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  1. Abstract We report on a long-lasting, elevated gamma-ray flux state from VER J0521+211 observed by VERITAS, MAGIC, and Fermi-LAT in 2013 and 2014. The peak integral flux above 200 GeV measured with the nightly binned light curve is (8.8 ± 0.4) × 10 −7 photons m −2 s −1 , or ∼37% of the Crab Nebula flux. Multiwavelength observations from X-ray, UV, and optical instruments are also presented. A moderate correlation between the X-ray and TeV gamma-ray fluxes was observed, and the X-ray spectrum appeared harder when the flux was higher. Using the gamma-ray spectrum and four models of the extragalactic background light (EBL), a conservative 95% confidence upper limit on the redshift of the source was found to be z ≤ 0.31. Unlike the gamma-ray and X-ray bands, the optical flux did not increase significantly during the studied period compared to the archival low-state flux. The spectral variability from optical to X-ray bands suggests that the synchrotron peak of the spectral energy distribution (SED) may become broader during flaring states, which can be adequately described with a one-zone synchrotron self-Compton model varying the high-energy end of the underlying particle spectrum. The synchrotron peak frequency of the SED and the radio morphology of the jet from the MOJAVE program are consistent with the source being an intermediate-frequency-peaked BL Lac object.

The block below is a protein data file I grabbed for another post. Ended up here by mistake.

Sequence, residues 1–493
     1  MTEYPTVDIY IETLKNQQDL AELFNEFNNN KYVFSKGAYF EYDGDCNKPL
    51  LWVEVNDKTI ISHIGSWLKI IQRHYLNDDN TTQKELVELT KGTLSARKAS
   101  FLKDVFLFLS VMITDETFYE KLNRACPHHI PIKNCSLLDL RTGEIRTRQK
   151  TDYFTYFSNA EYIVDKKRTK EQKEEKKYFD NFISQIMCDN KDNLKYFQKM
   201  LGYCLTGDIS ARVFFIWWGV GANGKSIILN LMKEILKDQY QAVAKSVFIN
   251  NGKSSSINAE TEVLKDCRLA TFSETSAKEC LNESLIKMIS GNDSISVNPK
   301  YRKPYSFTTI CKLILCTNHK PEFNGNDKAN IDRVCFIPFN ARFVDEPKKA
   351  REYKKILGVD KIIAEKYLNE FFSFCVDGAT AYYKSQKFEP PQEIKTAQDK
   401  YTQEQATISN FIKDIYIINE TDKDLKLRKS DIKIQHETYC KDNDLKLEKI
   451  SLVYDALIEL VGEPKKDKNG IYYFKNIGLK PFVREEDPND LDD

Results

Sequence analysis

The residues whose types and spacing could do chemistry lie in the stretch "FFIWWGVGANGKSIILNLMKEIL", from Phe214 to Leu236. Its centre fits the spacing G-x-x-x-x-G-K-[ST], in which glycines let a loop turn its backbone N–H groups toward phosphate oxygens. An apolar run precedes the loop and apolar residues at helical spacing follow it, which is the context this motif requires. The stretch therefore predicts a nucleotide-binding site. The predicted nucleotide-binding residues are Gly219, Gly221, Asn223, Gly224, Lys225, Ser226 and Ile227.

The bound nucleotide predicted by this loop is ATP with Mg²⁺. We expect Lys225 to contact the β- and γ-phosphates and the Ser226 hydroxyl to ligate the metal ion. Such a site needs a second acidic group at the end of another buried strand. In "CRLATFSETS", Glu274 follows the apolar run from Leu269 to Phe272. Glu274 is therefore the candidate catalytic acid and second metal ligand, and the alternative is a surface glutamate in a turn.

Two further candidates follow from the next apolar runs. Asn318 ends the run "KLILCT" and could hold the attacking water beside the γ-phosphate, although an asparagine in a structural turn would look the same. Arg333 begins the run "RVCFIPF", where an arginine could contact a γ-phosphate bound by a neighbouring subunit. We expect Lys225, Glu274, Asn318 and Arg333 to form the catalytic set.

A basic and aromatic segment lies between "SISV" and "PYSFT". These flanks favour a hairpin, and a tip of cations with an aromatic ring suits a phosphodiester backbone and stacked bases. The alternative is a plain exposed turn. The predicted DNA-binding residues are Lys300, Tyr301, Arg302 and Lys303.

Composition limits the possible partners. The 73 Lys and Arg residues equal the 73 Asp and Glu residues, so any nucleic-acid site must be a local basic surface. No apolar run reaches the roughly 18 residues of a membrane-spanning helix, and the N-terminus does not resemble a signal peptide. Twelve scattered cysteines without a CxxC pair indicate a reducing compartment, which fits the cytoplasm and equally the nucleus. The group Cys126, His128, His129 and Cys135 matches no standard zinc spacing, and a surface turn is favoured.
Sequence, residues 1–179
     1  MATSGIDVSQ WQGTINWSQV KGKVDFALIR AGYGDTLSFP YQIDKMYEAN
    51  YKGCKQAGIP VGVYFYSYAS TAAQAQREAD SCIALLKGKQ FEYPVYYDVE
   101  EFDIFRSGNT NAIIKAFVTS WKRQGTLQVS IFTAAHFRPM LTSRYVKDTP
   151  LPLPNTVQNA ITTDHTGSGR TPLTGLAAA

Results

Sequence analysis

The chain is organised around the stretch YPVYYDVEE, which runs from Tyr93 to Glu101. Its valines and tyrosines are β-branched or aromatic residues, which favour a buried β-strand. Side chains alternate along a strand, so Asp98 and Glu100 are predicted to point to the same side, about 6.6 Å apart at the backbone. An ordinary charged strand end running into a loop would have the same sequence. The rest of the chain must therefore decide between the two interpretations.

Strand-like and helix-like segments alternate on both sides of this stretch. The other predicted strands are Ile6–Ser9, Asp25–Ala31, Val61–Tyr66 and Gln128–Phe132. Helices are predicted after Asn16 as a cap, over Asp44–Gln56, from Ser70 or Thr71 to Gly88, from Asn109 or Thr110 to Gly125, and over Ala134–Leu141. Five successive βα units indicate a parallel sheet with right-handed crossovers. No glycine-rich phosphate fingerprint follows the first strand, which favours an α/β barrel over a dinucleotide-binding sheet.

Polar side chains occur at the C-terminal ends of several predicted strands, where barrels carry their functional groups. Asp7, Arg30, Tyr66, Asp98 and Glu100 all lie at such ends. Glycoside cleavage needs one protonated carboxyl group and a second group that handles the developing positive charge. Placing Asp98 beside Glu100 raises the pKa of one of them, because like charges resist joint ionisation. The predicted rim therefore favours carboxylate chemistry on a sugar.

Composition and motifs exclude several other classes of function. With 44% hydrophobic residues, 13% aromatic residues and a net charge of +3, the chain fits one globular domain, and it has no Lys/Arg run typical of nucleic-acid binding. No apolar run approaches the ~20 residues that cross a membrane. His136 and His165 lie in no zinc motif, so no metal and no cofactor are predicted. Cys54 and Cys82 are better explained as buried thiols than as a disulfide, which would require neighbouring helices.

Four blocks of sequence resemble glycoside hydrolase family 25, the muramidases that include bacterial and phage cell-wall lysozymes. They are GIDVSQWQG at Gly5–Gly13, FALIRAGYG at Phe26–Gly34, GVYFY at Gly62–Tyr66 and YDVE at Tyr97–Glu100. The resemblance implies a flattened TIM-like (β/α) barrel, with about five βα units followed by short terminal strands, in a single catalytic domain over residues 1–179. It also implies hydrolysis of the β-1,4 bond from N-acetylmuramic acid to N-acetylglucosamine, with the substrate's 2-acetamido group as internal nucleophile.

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  2. ABSTRACT MAXI J1820+070 is a low-mass X-ray binary with a black hole (BH) as a compact object. This binary underwent an exceptionally bright X-ray outburst from 2018 March to October, showing evidence of a non-thermal particle population through its radio emission during this whole period. The combined results of 59.5 h of observations of the MAXI J1820+070 outburst with the H.E.S.S., MAGIC and VERITAS experiments at energies above 200 GeV are presented, together with Fermi-LAT data between 0.1 and 500 GeV, and multiwavelength observations from radio to X-rays. Gamma-ray emission is not detected from MAXI J1820+070, but the obtained upper limits and the multiwavelength data allow us to put meaningful constraints on the source properties under reasonable assumptions regarding the non-thermal particle population and the jet synchrotron spectrum. In particular, it is possible to show that, if a high-energy (HE) gamma-ray emitting region is present during the hard state of the source, its predicted flux should be at most a factor of 20 below the obtained Fermi-LAT upper limits, and closer to them for magnetic fields significantly below equipartition. During the state transitions, under the plausible assumption that electrons are accelerated up to ∼500 GeV, the multiwavelength data and the gamma-ray upper limits lead consistently to the conclusion that a potential HE and very-HE gamma-ray emitting region should be located at a distance from the BH ranging between 1011 and 1013 cm. Similar outbursts from low-mass X-ray binaries might be detectable in the near future with upcoming instruments such as CTA. 
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